After 25 years of planning and working on Rosetta, the European Space Agency has managed to land a probe, Philae, on the surface of a comet – a feat never before achieved. The Rosetta mission is intended to take measurements on the composition of the comet to reveal its make-up and to provide new data, which could help us uncover new information in how solar systems like ours are formed and whether comets have a role in the origin of life on Earth.
Reading the news stories of the difficulty of landing the probe on the surface – and that there may yet be some danger from the probe’s “bounce” that it might not be fully secure on the comet – it’s hard not to be inspired. Touchdown was made at 17:03 CET on 67P/Churyumov-Gerasimenko after a 2 dayoperation.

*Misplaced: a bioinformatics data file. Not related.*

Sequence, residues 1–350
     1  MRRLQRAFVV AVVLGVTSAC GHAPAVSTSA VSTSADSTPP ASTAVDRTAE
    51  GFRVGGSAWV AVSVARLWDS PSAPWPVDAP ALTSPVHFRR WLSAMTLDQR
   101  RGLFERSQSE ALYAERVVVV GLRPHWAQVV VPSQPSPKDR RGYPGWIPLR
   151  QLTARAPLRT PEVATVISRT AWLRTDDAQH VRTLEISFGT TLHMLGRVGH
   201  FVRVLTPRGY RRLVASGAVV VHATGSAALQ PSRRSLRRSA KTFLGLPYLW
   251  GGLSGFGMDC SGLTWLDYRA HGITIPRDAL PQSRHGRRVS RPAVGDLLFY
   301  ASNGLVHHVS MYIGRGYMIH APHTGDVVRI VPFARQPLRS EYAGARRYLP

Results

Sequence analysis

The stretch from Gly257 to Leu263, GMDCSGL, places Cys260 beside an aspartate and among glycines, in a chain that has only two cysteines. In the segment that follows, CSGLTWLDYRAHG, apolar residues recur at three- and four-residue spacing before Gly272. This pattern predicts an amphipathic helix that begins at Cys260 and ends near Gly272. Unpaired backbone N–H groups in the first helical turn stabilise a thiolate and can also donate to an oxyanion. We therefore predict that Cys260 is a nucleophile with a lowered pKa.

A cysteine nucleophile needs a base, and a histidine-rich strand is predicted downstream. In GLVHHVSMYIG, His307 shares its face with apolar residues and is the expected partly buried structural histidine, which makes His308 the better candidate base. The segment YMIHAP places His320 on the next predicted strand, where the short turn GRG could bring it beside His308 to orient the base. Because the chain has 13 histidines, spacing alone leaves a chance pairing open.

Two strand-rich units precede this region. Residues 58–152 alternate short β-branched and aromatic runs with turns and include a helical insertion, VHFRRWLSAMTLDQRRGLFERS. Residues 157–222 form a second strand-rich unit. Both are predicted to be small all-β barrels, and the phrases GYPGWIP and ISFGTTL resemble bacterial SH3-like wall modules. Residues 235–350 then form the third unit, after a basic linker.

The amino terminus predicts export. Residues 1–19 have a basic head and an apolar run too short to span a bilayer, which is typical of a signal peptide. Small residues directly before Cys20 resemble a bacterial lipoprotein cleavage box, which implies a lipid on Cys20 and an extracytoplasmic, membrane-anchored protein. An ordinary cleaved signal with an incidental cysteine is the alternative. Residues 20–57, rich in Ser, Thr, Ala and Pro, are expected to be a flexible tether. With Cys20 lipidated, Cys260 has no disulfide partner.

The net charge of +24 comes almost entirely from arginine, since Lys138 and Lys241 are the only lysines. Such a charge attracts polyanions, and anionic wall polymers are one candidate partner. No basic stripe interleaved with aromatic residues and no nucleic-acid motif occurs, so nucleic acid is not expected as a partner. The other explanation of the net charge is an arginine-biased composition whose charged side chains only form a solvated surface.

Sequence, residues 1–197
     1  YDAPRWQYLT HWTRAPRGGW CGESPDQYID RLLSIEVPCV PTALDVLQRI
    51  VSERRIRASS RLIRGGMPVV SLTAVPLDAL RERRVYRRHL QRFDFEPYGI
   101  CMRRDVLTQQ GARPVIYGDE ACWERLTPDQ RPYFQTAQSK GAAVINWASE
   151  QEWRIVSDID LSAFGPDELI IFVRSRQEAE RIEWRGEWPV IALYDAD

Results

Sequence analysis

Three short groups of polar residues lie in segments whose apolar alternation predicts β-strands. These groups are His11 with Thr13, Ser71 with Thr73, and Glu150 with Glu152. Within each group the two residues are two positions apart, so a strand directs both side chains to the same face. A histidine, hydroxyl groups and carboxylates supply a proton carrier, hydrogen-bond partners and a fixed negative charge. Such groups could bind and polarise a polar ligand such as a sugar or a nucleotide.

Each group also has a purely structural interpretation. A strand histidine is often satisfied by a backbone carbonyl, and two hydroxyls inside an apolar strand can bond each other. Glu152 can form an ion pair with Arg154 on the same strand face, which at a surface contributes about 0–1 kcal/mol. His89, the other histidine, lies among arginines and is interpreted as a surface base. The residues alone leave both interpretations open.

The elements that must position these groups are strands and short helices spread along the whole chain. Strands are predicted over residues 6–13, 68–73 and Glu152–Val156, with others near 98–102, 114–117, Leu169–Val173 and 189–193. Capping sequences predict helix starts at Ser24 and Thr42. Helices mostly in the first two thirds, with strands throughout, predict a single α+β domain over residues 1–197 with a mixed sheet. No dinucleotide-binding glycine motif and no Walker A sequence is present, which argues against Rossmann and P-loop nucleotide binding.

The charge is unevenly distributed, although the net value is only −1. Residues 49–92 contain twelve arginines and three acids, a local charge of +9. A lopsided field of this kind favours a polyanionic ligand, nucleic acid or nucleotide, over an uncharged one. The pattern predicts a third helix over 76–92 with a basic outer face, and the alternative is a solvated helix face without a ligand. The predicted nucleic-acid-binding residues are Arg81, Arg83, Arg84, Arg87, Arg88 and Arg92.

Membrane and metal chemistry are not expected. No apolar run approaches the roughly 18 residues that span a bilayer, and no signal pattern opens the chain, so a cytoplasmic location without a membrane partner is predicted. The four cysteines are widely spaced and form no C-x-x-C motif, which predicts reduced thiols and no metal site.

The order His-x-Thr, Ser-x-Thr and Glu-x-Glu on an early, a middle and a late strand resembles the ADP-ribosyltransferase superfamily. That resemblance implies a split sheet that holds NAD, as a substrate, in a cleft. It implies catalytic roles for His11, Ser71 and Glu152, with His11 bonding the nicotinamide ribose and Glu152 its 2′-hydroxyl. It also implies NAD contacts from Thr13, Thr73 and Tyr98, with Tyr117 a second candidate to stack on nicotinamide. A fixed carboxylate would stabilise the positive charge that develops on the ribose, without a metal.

The European Space Agency is a great example of European co-operation (it’s not an EU agency, though it receives financial support from the EU), but space exploration can’t be considered just a national, or even continental level, endeavour. Even on the Rosetta project, international help is given from other space agencies, such as when NASA helped track Rosetta from its Canberra station.
Hopefully this will inspire future scientists and scientific endeavours.